"For the last 13 years I was technical manager for Demag Komatsu mining shovels Southern Africa. And I KNOW there is a SHOCKING amount of IGNORANCE in the field of hydraulics; oil sampling, oil viscosity, filtration, component change-out schedules and cooling systems are often blatantly ignored or misunderstood and the supplier is then put under pressure for warranties. Your books Insider Secrets to Hydraulics and Preventing Hydraulic Failures are right up my street."

Gerald Annandale
Dosco Precision Hydraulics
Edenvale South Africa

2.   Troubleshooting cylinder creep

In tutorial #5 of my hydraulic maintenance mini-course, I debunk the myth that creep in a double-acting cylinder is caused by a leaking piston seal.

A popular misconception about hydraulic cylinders is that if the piston seal is leaking, the cylinder can creep down.

Fact is, if the piston seal is completely removed from a double-acting cylinder, the cylinder is completely filled with oil and the ports are plugged, the cylinder will hold its load indefinitely - unless the rod-seal leaks.

What happens under these conditions - due to the unequal volume either side of the piston, is fluid pressure equalizes and the cylinder becomes hydraulically locked. Once this occurs, the only way the cylinder can move is if fluid escapes from the cylinder via the rod seal or its ports.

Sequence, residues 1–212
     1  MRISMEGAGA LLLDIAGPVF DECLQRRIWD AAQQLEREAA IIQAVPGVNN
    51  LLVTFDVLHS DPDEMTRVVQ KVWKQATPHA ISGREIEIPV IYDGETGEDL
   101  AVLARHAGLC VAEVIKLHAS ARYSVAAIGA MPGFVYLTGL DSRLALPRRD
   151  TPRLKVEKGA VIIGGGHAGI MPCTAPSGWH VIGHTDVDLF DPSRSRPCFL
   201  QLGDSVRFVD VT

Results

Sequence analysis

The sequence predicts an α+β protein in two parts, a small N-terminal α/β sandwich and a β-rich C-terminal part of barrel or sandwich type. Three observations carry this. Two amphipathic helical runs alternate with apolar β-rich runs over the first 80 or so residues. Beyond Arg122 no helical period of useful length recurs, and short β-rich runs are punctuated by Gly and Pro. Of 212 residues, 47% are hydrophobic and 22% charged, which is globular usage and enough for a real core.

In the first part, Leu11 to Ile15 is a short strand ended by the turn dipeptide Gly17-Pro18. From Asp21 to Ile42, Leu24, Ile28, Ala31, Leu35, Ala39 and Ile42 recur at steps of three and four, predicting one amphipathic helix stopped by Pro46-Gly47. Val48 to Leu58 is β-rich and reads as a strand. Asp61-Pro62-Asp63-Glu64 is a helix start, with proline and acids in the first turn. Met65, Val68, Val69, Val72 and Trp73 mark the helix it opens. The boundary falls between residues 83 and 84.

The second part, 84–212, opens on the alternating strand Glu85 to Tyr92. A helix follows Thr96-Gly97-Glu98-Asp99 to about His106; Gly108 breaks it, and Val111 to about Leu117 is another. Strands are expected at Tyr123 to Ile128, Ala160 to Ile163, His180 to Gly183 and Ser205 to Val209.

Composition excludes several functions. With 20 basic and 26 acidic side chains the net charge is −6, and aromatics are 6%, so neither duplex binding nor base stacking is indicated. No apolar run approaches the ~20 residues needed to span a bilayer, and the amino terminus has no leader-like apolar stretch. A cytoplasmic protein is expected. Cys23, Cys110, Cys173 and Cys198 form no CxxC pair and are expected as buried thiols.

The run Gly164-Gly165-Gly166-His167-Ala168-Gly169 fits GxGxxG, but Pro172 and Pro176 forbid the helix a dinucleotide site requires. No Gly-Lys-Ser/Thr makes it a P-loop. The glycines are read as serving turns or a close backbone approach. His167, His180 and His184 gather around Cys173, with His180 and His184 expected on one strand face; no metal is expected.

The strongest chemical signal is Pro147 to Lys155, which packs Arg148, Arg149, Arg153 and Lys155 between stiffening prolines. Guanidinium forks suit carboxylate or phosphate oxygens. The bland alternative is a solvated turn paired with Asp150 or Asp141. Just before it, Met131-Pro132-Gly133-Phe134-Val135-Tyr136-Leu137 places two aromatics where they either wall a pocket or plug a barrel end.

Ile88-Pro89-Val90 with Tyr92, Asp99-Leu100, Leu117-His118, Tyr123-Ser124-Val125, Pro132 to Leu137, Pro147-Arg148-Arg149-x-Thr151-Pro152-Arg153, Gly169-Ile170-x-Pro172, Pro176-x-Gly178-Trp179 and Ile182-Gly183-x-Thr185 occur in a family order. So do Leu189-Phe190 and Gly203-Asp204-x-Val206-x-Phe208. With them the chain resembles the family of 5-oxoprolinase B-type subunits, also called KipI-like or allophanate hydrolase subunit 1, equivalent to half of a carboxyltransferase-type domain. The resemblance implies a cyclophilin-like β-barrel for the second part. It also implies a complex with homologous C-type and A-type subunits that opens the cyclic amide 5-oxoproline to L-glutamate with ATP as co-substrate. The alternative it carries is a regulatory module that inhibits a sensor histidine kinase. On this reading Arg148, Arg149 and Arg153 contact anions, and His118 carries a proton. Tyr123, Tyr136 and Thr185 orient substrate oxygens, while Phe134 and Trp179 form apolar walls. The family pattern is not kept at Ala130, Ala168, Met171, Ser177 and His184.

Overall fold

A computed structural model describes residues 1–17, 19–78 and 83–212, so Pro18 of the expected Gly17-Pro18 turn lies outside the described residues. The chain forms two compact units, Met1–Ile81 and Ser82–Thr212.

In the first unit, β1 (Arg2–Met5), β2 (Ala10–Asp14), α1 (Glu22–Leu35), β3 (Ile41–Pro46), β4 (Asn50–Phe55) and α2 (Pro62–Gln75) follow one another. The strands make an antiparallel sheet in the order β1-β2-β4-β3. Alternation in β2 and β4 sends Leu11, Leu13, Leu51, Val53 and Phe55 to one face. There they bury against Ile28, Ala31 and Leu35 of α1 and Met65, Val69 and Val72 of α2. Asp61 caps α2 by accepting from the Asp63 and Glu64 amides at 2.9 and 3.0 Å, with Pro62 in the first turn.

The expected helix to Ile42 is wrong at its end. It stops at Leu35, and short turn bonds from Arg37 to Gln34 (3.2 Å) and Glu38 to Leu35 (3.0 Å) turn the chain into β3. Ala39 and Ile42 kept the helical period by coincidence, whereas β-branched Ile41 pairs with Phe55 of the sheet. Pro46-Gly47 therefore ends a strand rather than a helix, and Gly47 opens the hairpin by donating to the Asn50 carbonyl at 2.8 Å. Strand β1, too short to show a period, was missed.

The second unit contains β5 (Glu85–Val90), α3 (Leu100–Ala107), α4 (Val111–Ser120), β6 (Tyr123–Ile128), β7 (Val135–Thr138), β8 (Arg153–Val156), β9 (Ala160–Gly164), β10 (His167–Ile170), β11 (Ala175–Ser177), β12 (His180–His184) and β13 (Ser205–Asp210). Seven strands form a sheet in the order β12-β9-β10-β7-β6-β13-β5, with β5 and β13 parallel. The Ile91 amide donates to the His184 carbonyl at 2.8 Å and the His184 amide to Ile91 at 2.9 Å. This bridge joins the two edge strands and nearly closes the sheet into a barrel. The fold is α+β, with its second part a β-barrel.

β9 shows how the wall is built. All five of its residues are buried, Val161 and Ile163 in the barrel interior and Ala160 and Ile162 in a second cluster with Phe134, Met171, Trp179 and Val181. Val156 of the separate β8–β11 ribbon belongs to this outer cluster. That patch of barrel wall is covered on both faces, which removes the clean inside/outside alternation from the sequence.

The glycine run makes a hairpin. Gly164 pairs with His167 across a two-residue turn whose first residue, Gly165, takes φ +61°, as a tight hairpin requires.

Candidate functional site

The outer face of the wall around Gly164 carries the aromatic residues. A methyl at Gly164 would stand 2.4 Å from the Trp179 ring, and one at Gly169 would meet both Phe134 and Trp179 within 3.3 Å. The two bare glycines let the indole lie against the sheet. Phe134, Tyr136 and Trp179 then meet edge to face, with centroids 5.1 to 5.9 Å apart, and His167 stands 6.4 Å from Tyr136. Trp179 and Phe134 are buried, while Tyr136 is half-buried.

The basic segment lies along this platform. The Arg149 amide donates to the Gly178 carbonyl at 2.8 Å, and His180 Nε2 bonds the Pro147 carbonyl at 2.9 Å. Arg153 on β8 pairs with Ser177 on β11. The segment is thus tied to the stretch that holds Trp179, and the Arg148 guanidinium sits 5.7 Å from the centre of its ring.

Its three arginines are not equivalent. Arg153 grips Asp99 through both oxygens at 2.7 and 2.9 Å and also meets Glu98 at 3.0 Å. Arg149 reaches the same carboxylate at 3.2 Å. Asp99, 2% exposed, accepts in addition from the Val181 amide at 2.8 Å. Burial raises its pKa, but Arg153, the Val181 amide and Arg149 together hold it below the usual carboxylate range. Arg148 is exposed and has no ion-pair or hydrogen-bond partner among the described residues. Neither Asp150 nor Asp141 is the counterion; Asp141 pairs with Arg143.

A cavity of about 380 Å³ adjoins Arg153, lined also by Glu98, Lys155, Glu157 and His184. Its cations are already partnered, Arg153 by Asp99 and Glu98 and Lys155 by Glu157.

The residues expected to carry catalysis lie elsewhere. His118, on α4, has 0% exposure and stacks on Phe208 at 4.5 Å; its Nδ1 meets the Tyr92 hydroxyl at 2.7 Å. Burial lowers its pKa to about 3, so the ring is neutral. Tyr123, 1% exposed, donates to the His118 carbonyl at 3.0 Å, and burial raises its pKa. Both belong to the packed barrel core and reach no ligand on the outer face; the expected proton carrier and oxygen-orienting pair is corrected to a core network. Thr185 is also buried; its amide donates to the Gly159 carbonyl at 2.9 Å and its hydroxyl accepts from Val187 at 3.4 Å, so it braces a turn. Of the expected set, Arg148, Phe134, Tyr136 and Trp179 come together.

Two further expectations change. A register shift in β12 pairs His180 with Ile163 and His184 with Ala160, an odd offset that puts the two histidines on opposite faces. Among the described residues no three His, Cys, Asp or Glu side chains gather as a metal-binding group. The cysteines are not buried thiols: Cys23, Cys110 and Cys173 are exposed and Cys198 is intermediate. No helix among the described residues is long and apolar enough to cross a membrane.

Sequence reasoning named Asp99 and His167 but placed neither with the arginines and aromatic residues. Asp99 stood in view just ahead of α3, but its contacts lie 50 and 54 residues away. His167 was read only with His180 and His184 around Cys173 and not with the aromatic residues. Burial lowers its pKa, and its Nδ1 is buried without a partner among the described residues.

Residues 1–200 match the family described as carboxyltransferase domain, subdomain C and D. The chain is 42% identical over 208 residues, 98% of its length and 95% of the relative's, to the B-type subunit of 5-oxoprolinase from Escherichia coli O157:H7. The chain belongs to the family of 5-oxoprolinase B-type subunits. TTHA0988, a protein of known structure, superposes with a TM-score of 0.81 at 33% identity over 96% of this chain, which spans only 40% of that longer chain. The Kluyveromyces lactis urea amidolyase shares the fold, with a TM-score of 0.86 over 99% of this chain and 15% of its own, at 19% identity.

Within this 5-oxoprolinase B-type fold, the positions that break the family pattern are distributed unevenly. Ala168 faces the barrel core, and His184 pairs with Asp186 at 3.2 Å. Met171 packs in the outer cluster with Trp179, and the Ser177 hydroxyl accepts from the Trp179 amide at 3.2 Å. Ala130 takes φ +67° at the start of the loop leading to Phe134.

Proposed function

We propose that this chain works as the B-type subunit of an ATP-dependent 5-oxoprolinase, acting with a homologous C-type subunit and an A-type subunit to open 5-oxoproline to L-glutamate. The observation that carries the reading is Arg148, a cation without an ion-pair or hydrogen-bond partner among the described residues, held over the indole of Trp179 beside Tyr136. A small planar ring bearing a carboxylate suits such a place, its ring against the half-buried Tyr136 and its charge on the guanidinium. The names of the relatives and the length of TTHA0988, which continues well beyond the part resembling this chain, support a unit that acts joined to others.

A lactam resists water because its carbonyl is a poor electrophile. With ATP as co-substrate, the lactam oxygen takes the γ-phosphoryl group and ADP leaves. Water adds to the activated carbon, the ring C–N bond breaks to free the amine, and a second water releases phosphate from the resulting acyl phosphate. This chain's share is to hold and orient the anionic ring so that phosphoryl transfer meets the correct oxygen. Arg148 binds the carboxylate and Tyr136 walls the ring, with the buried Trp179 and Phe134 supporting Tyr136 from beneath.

If you grasp the theory at work here, you'll probably realize there are a couple of exceptions. The first is a double-rod cylinder - where volume is equal on both sides of the piston.

And the second is when a load is hanging on a double-acting cylinder. In this arrangement, the volume of pressurized fluid on the rod side can be easily accommodated on the piston side. But as the cylinder creeps a vacuum will develop on the piston side - once again due to the unequal volumes - and depending on the weight of the load, this vacuum may eventually result in equilibrium that arrests further creep.

This is not quite the end of the story though, but it's important to at least grasp this theory before we move on.

Notwithstanding the two exceptions mentioned above, if a double-acting cylinder's service ports are blocked - by a closed-to-actuator or cylinder spool and the piston seal does bypass, pressure will eventually equalize on both sides of the cylinder. As already stated, at this point a hydraulic lock is effected and no further creep can occur - unless fluid is allowed to escape from the cylinder or the cylinder circuit.